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Broadway Melody


Well, keep your head high, sometimes they give out Oscars to movies that suck.


Yeah, like Titanic.


Or Gladiator, or Gone With The Wind.


Or Broadway Melody of 1929.

(They give him another weird look.)


What? That movie was worse than Cimarron.

-Not the Fat One


So was I right? Is 1929’s best picture winner Broadway Melody really worse than Cimarron, or will we have to do a rewrite?

It begins impressively enough, with an aerial shot of New York, a shot that has been repeated many times since then, and was even a good way to open a movie in 1929. We follow that with a medley of songwriters singing their new numbers in an effort to fine tune them. Songwriter Eddie Kearns shows off a song called Broadway Melody, and brags that he’s sold it to producer Francis Zanfield (obviously a fictionalized Florenz Ziegfeld) for a new review that will feature his fiancé Hank (a woman, don’t get any ideas) and her sister Queenie, the act that has taken the west by storm, the Mahoney Sisters.

When we meet the Mahoneys we find that Hank is the brains of the operation and Queenie is there for her looks. Kearns gets them a tryout with Zanfield, and he likes Queenie, but not Hank who nearly starts a fight with another dancer. Queenie eventually convinces Zanfield to bring her sister on as well, but there is a problem. Eddie is clearly falling for Queenie.

But he’s not alone. At a dress rehearsal, Queenie catches the eye of Jock Warriner, obviously supposed to be Jack Warner. The big shot producer and the lowly songwriter vie for Queenie’s affections, while Hank never realizes what’s going on. On Queenie’s birthday Hank sits in bed waiting until 5 a.m. For her drunken sister to come home from gallivanting around with Warriner. Backstage at a show later on, Eddie gets upset that Queenie seems to be choosing Jock. When she storms out, Eddie’s reaction clues Hank in that something is going on behind her back. Queenie goes to Warriner, but he’s a bit rough with her and it’s Eddie to the rescue, and the next thing you know, Eddie and Queenie are married, and Hank is taking it remarkably well. While her sister is retiring to be a wife, Hank sets out to tour the midwest with a new act.

This was the first talkie MGM released, and they did remarkably well. That same year they released Hollywood Revue of 1929 which was remarkably horrific. Broadway Melody offers up another first. Censors though the choreography for one of the dance numbers was too obscene, so they wanted it reshot. MGM didn’t want to pay to bring in the orchestra for the reshoot, so they just had the dancers perform to the audio playback of the previous take. It was the first time any production had ever done that.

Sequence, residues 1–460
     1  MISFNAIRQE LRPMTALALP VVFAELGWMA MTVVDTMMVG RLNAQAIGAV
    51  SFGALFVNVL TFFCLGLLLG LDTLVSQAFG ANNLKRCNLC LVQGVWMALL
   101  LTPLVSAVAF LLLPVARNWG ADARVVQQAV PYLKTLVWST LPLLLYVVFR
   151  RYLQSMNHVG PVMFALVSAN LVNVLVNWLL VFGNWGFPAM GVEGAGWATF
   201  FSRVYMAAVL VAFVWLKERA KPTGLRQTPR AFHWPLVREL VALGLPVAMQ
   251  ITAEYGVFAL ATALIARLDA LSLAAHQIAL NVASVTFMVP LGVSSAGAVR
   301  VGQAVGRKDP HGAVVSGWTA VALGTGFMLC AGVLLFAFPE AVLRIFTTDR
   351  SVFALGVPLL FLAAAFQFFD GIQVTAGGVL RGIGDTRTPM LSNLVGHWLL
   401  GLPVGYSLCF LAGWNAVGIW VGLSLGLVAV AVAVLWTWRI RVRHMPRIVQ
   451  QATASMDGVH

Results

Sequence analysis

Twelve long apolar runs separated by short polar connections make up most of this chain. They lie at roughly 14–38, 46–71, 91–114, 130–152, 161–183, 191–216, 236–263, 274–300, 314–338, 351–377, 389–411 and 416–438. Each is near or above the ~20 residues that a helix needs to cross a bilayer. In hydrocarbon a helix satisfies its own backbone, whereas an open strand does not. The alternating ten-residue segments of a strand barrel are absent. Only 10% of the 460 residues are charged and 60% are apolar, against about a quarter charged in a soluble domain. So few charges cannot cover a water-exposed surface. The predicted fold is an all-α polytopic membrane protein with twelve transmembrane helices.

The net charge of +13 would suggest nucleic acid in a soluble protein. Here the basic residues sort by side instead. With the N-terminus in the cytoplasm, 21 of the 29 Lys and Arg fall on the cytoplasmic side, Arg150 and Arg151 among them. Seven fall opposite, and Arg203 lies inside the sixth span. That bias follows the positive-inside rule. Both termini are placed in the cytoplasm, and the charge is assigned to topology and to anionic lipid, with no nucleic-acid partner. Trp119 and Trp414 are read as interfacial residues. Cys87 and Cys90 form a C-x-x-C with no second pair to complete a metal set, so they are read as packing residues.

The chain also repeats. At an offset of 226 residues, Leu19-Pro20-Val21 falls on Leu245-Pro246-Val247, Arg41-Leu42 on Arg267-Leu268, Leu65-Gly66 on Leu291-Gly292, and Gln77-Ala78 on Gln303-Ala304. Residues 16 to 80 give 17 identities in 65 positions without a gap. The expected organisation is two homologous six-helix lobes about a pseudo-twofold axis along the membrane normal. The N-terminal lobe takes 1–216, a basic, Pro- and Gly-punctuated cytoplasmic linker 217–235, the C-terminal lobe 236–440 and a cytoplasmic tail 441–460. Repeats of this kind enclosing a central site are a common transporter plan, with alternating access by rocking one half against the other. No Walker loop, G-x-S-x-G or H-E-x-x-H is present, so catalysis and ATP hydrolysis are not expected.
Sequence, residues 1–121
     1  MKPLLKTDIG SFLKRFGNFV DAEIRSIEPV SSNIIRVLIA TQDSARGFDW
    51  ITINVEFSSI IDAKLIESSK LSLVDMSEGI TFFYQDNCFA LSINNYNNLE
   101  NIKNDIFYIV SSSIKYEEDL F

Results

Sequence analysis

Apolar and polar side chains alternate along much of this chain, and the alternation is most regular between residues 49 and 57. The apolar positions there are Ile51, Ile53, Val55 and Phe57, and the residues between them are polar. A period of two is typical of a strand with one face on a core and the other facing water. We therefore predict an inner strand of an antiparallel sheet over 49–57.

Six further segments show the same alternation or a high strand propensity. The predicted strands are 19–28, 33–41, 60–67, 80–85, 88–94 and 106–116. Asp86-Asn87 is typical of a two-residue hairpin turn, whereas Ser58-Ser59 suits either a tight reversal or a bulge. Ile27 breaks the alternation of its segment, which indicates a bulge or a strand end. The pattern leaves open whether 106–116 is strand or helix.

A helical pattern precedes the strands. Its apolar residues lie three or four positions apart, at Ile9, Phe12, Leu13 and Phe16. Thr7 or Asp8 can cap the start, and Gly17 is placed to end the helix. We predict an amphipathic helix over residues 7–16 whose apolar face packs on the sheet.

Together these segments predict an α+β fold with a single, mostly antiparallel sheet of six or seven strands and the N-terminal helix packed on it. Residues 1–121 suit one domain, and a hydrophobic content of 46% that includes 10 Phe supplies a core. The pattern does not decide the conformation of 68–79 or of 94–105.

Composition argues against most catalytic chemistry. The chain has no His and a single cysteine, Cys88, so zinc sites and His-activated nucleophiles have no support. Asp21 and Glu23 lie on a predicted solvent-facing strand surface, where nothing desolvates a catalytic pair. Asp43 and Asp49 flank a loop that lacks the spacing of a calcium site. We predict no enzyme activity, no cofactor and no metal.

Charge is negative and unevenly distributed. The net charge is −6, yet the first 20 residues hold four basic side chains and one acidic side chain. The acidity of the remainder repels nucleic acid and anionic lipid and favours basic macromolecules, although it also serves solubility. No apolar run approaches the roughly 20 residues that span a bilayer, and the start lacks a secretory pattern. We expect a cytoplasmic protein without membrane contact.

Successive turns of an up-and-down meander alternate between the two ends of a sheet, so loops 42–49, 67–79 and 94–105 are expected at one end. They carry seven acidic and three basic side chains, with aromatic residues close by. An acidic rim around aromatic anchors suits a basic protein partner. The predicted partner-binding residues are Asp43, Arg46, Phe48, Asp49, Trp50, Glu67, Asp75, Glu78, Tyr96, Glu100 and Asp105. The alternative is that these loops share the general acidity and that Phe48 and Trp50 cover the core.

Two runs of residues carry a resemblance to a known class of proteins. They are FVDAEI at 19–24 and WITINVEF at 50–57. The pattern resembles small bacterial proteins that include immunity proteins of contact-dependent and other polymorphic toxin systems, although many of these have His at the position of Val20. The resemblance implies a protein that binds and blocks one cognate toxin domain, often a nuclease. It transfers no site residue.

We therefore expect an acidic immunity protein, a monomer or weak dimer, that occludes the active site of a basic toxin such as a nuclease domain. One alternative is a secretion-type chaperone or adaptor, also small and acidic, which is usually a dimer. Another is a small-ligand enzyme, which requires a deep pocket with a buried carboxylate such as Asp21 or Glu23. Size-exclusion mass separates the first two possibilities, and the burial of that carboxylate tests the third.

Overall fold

This is not a great movie. The second half seems to drag by, you see the Eddie-Queenie relationship coming from a mile away, and I am very pissed off that Hank just sits back and takes it. I wanted her to grow a pair and tell her sister where she can shove it.

But this is a good movie. The production numbers are on par with The Great Ziegfeld, and the acting, especially from Bessie Love as Hank and Anita Page as Queenie, is very good. I was not as impressed with the acting of Charles King as Eddie, and producers weren’t either. He ended up appearing in only seven movies in his entire career.

A lot of the scripting is quite good, and the first five minutes are very good, but the over-reliance on two dimensional supporting characters gets old, especially an obviously gay costume designer and the Mahoney’s uncle who stutters out career advice. The only one that works is a permanently drunk member of Warriner’s entourage referred to as Mr. Unconscious who only appears in two scenes and therefore never has the chance to wear thin.

The Academy didn’t release a list of other nominees in 1929, and glancing through a list of other films released that year, there seems to be nothing that quite compares to this one. Notable films that year include The Virginian staring Gary Cooper, The Patriot staring Emil Jannings, a film of which no copies remain, In Old Arizona, which stars no one you’ve ever heard of, and Bridge of San Luis Rey based on a Thornton Wilder novel. Broadway Melody seems like the best choice here. So we have an upset, the best picture winner of 1929 actually was the best picture that year, and a fairly good one too. And it is far, far better than Cimarron, so Not the Fat One needs a bit of a rewrite.

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